Facing Facts About Fish Brains
By Ralph Birch
There’s something fishy going on Down Under.
A recent study conducted by scientists from the University of Oxford and Australia’s University of Queensland has concluded that a species of tropical fish possesses the ability to recognize faces. Despite the lack of a neocortex, which is the part of the brain that controls visual recognition, the archerfish has demonstrated the ability to accurately distinguish between faces more than three-quarters of the time.
The archerfish, which is native to Australia and southeast Asia, was selected for this research based on its ability to spit a jet of water. This technique is typically utilized as a defense mechanism against insects looking to prey on the archerfish, but scientists used the spitting as a way for the fish to choose between faces.
Researchers presented the archerfish with two different images and offered food as a reward when a particular face was selected.
“This can give us a huge amount of information about what the fish is able to see and how they do it,” said Dr. Cait Newport of the University of Oxford, who has also performed similar experiments with Picasso triggerfish.
In subsequent tests, the archerfish viewed a series of learned faces and was able to distinguish between those images and up to 44 new faces with an 81 percent success rate. The fish were able to identify the faces even when features like head shape and color were removed from the images.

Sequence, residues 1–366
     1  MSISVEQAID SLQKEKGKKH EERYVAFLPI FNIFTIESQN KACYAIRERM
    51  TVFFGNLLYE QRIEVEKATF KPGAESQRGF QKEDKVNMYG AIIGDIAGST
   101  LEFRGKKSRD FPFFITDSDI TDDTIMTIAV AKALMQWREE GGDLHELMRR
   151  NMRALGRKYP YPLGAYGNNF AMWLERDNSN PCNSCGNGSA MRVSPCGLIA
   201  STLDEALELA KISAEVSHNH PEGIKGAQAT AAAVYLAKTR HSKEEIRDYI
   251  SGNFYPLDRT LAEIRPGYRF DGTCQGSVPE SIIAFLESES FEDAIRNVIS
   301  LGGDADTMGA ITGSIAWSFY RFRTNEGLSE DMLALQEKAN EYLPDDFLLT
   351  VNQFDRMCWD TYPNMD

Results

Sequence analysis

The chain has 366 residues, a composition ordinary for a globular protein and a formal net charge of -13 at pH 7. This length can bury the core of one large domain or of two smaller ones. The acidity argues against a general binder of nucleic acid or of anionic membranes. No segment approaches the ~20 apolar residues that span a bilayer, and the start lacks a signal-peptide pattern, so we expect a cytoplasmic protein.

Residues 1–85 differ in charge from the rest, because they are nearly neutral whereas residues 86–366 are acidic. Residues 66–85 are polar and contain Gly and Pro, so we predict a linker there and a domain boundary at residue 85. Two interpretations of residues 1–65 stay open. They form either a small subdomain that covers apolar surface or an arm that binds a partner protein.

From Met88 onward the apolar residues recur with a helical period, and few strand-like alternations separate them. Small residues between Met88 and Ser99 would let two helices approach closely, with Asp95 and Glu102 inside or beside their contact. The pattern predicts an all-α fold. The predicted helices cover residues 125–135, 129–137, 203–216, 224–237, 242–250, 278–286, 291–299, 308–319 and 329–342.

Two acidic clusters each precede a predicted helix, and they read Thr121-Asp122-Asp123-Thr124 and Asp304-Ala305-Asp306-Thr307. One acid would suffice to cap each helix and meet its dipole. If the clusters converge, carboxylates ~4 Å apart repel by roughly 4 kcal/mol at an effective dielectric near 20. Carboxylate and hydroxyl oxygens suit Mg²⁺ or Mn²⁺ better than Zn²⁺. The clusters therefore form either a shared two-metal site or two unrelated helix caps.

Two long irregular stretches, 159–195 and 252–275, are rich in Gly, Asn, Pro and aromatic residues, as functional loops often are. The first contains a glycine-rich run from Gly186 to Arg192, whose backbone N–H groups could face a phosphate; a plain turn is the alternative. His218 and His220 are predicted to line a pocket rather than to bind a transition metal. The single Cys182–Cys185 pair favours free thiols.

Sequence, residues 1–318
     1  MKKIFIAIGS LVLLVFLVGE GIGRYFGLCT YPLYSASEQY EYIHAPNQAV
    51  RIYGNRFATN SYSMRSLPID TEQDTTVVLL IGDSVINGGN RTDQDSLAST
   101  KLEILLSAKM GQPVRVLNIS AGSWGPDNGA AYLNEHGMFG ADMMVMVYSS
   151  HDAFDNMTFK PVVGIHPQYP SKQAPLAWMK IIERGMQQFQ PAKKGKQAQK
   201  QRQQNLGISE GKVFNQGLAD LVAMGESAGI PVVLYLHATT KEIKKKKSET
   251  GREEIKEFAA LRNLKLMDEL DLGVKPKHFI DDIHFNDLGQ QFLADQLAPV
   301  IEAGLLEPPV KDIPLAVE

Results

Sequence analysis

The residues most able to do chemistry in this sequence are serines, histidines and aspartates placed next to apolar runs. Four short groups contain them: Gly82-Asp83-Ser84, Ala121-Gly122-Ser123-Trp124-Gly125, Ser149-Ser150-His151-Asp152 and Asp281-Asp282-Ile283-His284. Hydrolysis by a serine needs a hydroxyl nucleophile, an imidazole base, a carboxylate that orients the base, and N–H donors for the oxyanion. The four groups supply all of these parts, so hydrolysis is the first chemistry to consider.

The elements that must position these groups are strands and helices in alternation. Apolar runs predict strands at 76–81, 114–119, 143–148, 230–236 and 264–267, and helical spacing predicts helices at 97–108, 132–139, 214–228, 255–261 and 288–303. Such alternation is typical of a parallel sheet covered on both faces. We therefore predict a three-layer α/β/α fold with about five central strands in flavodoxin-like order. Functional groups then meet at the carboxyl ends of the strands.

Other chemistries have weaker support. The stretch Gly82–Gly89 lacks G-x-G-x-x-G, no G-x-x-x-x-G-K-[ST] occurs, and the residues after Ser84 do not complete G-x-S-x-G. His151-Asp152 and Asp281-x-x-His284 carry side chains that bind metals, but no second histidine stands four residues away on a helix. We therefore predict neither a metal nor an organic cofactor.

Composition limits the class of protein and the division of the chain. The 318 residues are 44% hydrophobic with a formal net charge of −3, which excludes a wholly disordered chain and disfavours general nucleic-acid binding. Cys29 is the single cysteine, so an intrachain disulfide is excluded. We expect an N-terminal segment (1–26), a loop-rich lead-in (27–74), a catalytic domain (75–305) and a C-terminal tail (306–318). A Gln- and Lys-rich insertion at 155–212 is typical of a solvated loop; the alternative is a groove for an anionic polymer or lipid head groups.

The Australian study found that complicated brain makeup is not necessary to recognize human faces, though the identification of subtle features is a key component. Newport and her colleagues now believe that fish have significantly greater visual discrimination abilities than previously believed.
This level of cognition shown by fish could relate closely to the ability of certain species to return to the same territory, year after year, for breeding. Fish look for unique colors, patterns and textures to find their breeding grounds — but mass bleaching of coral reefs could make this more difficult.
Bleaching of reefs occurs when water is too warm, which forces coral to expel living algae. The algae calcify and turn white and eventually die, which is a threat to locations like the Great Barrier Reef and the marine life native to that region.
“We don’t know if they’re still going to be able to find their territories, their homes,” Newport observed. “We don’t know how that will affect how they detect predators or potential prey.”
The archerfish aren’t the only fish that display amazing brainpower. Researchers were able to train grey bamboo sharks to recognize and remember shapes. They remembered their training for at least a year.
Damselfish can see UV patterns on other fish and can detect the lack of lines in similar species. This helps them distinguish between fish that belong to their species and fish that don’t.
If there is one lesson to learn from this fascinating research, it’s don’t underestimate fish.
- Discuss some other ways enhanced vision and brain function can impact a fish in its natural habitat.
- What other animals with so-called “simple” brains may be smarter than we think?
- coral reef